Revisiting the construction of the Empire State Building: Have we forgotten something?
Mattias Jacobsson and
Timothy L. Wilson
Business Horizons, 2018, vol. 61, issue 1, 47-57
What’s past is prologue. Or is it? The construction of the Empire State Building (ESB) was not only the fastest erection of a skyscraper ever, but the construction company that took on the job allegedly began with no equipment or supplies that would be adequate for the job. The project was completed ahead of schedule and under budget; instead of 1year and 6 months as anticipated, it only took 1year and 45 days. The costs totaled $24.7 million instead of the estimated $43 million. So, we ask, how was this possible and is there something we could learn? Based on a review of existing literature describing the history and construction of the ESB, we outline strategic, operational, and contextual explanations for what appears to be a truly successful megaproject. We illustrate how, for example, inspiration from Henry Ford’s assembly line technique, the uniqueness of the logistics during the construction period, the economic decline of the Depression, and early ideas of concurrent engineering and fast-track construction enabled the success. Our conclusion is that there are lessons to be learned in going back to basics when tackling a megaproject.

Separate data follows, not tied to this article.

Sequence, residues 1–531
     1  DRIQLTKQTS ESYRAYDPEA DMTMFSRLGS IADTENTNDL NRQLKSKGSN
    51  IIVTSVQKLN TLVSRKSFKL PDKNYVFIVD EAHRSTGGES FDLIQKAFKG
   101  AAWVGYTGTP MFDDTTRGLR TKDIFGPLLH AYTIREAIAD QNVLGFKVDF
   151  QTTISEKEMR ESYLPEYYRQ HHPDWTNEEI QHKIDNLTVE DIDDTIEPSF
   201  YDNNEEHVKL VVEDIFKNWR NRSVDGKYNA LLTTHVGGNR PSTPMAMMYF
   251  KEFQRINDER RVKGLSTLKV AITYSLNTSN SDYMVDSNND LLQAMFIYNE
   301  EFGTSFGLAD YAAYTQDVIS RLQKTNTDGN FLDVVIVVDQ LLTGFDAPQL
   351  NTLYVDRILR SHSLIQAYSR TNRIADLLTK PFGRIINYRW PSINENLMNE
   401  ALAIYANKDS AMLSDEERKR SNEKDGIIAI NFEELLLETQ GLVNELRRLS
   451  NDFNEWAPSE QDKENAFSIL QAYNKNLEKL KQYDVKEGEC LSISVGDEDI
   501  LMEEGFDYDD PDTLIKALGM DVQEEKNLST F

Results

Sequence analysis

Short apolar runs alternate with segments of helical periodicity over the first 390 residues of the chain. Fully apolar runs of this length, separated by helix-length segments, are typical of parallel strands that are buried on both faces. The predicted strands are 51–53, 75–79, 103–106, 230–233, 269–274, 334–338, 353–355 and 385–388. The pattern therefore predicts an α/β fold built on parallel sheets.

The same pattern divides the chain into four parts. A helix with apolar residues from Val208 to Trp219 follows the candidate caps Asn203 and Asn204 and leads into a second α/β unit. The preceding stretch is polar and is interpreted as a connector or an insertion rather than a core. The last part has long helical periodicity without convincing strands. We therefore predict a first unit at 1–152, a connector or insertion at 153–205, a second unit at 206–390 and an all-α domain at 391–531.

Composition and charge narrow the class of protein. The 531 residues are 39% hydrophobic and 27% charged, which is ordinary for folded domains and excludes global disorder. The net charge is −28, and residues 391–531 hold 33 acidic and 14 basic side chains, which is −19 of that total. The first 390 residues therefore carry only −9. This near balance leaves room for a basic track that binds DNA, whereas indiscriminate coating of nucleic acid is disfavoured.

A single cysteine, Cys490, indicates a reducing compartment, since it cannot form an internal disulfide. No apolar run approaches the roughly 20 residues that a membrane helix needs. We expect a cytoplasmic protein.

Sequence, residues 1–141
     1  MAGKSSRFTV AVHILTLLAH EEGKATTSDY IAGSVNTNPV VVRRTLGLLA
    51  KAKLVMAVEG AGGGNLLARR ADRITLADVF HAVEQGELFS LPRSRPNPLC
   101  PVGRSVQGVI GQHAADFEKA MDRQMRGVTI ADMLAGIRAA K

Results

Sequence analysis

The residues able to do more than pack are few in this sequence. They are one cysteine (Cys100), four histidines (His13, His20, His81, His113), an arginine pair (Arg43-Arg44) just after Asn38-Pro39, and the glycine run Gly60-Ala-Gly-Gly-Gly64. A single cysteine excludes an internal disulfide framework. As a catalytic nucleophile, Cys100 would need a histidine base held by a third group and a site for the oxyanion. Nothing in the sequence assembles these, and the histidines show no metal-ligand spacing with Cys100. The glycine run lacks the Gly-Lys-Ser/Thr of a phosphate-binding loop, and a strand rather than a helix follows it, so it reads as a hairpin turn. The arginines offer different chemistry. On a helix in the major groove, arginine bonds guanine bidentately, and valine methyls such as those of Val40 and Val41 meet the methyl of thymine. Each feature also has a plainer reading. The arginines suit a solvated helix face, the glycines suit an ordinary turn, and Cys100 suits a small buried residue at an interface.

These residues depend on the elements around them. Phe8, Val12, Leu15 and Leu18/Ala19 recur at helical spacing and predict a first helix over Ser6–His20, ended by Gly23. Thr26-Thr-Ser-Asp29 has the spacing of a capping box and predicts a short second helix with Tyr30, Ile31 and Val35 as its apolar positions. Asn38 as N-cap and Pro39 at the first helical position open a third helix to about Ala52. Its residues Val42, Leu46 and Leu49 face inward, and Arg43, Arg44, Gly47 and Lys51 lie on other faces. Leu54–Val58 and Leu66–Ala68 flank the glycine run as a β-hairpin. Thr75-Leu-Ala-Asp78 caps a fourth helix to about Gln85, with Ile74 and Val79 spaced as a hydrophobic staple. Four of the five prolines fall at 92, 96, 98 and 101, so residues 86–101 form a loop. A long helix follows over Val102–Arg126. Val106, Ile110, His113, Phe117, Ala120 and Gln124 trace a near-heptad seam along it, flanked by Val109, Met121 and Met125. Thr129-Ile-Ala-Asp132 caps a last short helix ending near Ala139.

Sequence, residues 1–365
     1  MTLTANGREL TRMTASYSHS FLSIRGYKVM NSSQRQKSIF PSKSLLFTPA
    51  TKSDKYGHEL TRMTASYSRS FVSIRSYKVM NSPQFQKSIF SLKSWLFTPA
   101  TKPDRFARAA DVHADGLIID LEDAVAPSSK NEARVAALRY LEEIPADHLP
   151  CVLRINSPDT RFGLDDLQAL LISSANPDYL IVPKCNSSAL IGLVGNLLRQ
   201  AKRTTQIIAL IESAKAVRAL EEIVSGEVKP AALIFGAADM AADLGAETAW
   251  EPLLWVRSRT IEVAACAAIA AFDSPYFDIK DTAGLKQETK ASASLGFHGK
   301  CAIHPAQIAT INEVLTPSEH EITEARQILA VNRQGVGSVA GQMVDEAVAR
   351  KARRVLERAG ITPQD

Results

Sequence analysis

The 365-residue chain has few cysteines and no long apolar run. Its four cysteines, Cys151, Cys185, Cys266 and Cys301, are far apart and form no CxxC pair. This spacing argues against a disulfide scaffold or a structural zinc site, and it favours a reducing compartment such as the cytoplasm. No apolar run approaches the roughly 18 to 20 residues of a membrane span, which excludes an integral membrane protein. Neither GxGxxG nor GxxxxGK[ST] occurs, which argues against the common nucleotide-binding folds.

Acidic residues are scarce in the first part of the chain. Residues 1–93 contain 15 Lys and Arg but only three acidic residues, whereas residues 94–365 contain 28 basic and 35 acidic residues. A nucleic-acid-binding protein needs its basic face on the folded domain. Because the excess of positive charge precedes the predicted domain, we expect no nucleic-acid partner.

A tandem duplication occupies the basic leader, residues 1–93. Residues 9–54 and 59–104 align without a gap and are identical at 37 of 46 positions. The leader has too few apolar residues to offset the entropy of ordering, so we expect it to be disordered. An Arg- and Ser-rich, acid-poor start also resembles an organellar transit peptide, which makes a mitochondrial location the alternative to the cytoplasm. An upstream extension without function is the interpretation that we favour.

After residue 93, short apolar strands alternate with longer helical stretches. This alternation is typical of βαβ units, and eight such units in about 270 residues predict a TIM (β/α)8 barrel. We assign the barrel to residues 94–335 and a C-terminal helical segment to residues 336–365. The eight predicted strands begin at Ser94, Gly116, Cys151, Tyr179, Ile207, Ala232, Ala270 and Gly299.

Keywords: Empire State Building; Megaprojects; Project management; Empire State Realty Trust (search for similar items in EconPapers)
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Persistent link: https://EconPapers.repec.org/RePEc:eee:bushor:v:61:y:2018:i:1:p:47-57
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